More incentives for dairy sector
The dairy sector t has the potential to contribute around USD 4-6 billion annually to Pakistan’s economy, given favourable conditions and incentives that encourage investment.
Chairman, Pakistan Dairy Association (PDA), Anjum M.Saleem has said that Pakistan is the world’s third largest milk producing country, with an annual output of approximately 37 billion liters. According to the Economic Survey of Pakistan 2012-13, the contribution of the dairy sector to our national GDP is 11.7 per cent. The dairy sector also provides employment to millions and livestock is raised by more than 8.5 million small and landless farmers in rural areas, most of which is also used as a dairy source.
He said that the demand and supply gap is a massive challenge facing the dairy sector which calls for long-term strategies and small-scale programmes to achieve long lasting success. Less than 5 per cent of the milk produced in the country is processed and reaches consumers through formal markets. The remaining is ‘loose’ with no quality checks, pricing, branding or identity.
He said that organised dairy industry in Pakistan is fully cognizant of the challenges it faces in terms of helping farmers adopt better farm practices to increase milk production and improve quality. For instance, Pakistan Dairy Association’s member industries conduct training programmes and help farmers increase yield per animal, taking care of their animals, focusing on their hygiene and adopting modern farming practices.
The majority of dairy farmers are small-scale cattle breeders. It is essential that they know the modern methods and techniques by which they can increase their animals’ yield. To train these farmers, leading industry players have established centers that train around 5,000 small dairy farmers annually.
Anjum M. Saleem, on the question whether Pakistan’s large milk sector offers enough potential for foreign investors, he said the potential is enormous because of the huge vacuum that exists. We remain a country with one of the highest farm-gate prices. This is because there are no subsidies available to the farmer when it comes to buying or selling of animals, raising them or feeding them. Also, the informal sector is literally calling out foreign investors as it lacks proper cold storage and conservation mechanisms. People looking to invest will do so but only if they see good returns and for that, the government needs to adopt a businessfriendly approach.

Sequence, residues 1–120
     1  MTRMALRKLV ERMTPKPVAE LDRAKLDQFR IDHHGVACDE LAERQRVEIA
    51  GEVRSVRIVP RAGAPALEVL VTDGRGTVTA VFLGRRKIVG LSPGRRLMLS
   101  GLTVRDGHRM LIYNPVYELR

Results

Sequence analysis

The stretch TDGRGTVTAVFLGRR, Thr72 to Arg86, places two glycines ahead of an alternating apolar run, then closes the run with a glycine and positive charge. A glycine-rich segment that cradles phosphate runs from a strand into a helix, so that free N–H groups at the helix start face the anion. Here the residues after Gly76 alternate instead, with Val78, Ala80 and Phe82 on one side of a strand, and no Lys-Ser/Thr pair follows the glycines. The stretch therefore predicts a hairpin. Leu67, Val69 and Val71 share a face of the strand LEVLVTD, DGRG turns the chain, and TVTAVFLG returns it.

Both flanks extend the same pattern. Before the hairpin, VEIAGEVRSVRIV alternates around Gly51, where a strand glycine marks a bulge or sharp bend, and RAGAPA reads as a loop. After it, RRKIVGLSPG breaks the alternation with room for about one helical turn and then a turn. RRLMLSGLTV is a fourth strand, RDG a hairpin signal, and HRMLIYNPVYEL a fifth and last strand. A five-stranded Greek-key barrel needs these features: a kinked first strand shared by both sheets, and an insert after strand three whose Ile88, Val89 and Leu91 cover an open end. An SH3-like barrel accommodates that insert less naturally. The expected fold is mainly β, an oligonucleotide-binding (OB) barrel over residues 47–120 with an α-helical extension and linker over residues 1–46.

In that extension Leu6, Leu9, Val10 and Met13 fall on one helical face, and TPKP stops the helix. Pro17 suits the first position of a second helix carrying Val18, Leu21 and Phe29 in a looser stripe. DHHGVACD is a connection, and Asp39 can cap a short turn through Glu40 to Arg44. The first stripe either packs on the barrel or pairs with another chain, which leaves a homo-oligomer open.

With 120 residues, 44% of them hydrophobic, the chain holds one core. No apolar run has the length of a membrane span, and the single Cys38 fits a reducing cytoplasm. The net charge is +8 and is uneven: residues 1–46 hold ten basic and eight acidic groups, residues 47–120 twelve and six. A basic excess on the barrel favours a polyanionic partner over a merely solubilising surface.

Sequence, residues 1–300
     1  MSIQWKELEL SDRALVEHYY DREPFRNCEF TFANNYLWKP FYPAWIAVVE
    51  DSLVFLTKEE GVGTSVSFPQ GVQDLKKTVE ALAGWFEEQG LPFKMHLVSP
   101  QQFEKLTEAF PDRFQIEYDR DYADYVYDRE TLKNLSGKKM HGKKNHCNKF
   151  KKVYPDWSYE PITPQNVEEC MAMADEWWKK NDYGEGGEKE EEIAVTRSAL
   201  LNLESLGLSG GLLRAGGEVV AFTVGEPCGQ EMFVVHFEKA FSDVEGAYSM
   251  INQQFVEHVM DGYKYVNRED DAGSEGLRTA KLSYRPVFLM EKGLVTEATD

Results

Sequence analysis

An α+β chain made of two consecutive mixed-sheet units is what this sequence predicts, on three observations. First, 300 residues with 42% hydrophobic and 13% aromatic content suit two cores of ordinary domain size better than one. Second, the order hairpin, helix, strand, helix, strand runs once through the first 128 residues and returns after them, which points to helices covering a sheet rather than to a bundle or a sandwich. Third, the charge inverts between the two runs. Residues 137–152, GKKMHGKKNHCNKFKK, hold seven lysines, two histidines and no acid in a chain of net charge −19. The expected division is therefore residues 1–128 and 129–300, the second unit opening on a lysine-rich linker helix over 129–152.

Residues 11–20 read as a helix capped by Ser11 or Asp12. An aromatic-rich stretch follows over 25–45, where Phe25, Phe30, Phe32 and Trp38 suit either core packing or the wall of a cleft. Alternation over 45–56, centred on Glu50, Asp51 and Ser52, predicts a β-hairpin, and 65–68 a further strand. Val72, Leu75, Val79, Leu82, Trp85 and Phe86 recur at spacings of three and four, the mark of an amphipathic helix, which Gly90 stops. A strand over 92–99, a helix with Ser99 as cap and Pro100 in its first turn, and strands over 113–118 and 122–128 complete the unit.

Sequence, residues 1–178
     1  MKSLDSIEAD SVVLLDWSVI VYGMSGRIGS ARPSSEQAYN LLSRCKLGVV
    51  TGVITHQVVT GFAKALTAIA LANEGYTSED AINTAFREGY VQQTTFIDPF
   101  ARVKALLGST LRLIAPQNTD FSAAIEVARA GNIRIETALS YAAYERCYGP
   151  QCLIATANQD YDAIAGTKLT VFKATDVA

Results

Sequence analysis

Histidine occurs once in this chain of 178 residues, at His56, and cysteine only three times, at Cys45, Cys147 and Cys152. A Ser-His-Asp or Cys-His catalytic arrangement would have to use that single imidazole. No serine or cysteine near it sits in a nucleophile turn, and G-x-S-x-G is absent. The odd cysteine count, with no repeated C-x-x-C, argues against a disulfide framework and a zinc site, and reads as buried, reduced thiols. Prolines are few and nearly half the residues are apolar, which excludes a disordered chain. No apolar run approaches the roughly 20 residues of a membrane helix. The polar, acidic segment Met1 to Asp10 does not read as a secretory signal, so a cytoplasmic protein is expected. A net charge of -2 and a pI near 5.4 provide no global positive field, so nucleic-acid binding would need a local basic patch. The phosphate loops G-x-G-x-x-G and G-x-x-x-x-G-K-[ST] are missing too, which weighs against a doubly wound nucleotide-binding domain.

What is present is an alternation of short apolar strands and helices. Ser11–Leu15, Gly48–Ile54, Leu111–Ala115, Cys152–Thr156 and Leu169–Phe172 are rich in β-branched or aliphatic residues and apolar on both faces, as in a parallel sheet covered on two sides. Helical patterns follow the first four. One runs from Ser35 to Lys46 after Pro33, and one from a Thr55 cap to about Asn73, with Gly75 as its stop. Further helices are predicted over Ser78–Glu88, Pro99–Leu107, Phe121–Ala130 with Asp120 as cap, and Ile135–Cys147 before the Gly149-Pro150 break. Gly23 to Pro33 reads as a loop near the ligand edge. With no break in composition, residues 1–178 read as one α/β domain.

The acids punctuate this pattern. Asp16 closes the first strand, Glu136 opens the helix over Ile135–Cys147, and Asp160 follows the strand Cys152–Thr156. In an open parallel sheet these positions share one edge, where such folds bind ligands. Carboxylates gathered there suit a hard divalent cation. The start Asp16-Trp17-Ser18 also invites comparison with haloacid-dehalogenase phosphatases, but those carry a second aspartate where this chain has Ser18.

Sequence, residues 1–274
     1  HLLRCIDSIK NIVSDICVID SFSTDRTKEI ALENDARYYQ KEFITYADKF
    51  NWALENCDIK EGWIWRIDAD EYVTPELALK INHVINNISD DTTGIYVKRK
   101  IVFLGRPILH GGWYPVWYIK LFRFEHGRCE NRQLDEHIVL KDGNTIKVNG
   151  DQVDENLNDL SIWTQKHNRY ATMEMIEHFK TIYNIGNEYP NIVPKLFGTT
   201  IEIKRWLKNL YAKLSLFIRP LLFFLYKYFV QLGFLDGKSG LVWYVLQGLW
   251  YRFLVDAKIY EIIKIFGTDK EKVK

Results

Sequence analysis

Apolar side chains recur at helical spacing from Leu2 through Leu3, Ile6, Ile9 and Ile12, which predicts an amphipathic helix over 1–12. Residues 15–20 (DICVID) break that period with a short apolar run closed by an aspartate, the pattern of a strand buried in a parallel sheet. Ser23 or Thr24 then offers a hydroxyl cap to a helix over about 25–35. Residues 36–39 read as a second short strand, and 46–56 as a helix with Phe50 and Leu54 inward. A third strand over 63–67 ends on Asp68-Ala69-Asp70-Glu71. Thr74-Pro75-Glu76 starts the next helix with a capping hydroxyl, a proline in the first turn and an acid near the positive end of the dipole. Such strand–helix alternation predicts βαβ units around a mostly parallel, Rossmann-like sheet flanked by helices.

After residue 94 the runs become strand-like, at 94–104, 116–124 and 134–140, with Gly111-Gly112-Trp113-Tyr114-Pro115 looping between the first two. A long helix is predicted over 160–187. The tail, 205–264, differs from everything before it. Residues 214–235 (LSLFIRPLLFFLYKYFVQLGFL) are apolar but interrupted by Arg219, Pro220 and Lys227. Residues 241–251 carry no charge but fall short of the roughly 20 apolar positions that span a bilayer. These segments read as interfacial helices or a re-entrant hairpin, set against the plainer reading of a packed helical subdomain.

The chairman PDA said Pakistan could learn a lot from other milk producing countries to increase its milk yield. An encouraging sign is that Pakistani authorities are taking note of the successes which Turkey has enjoyed in the last 10 years. They are looking to emulate this in Pakistan. In Turkey, the th government t provided id d necessary support and assistance to the dairy sector in the form of subsidies and also an enabling taxation regime which covered such sub-sectors as: breeding, feeding, quality testing, processing and others. As a result, packaged milk consumption increased from 30% in 2002 to 70% in 2012. In addition, the competitiveness of the sector improved greatly as did the country’s health figures.
Another model for our dairy industry could be India where the growth of the dairy sector during the last three decades has been impressive because the government introduced policies for a suitable environment for milk production. “We can also learn valuable lessons from Iran and China who have increased their milk production by adopting modern dairy farming techniques, importing productive animals and making the supply-chain mechanism efficient,” he said.
Apart from zero-rating and subsidies, the government could support the processed milk sector by continuing the current policy that enables dairy industry to claim input costs. This will give the investors’ confidence because they will see that the government has a consistent policy. In addition, it could also regulate the informal dairy sector that hardly pays any taxes but sells milk at a slightly lower price than packaged milk. At present, loose milk is available at around Rs80-90/kg in some areas of the country while the price of packaged milk is Rs95-100/litre. The government ought to expand the tax net to cover the unprocessed dairy industry (more than 90%) which is untaxed.